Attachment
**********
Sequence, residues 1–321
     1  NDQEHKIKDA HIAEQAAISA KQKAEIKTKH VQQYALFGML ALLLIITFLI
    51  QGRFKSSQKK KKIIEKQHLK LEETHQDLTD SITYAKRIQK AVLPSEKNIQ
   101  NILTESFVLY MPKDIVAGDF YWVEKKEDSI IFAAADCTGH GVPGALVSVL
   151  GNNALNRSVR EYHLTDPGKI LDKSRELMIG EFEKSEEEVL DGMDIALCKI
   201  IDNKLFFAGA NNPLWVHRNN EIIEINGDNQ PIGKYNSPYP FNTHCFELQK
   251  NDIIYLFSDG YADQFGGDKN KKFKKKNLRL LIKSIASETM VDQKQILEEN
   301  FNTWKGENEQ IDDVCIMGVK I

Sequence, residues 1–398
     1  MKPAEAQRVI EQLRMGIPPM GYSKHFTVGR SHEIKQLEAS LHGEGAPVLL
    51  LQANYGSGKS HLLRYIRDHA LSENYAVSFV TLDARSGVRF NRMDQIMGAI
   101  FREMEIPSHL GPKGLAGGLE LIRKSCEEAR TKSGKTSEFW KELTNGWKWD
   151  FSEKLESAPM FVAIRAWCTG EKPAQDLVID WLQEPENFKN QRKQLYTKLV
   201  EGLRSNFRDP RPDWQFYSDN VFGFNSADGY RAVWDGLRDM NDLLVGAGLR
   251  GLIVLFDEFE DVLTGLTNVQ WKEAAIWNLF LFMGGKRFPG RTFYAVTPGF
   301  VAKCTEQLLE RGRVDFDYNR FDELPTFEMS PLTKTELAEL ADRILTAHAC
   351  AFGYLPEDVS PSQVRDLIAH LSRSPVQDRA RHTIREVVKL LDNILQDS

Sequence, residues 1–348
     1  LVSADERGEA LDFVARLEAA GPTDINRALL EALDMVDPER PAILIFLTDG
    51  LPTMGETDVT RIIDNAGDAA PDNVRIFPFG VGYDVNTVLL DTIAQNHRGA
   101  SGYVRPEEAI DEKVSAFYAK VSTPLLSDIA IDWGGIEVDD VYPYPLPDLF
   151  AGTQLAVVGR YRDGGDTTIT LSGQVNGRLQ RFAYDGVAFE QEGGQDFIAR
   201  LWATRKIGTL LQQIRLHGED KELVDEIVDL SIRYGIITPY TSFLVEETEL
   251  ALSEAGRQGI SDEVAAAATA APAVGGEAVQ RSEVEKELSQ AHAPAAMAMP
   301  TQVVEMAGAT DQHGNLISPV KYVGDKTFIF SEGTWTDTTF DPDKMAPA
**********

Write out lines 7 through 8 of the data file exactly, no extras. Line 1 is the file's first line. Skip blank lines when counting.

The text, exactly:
   251  NDIIYLFSDG YADQFGGDKN KKFKKKNLRL LIKSIASETM VDQKQILEEN
   301  FNTWKGENEQ IDDVCIMGVK I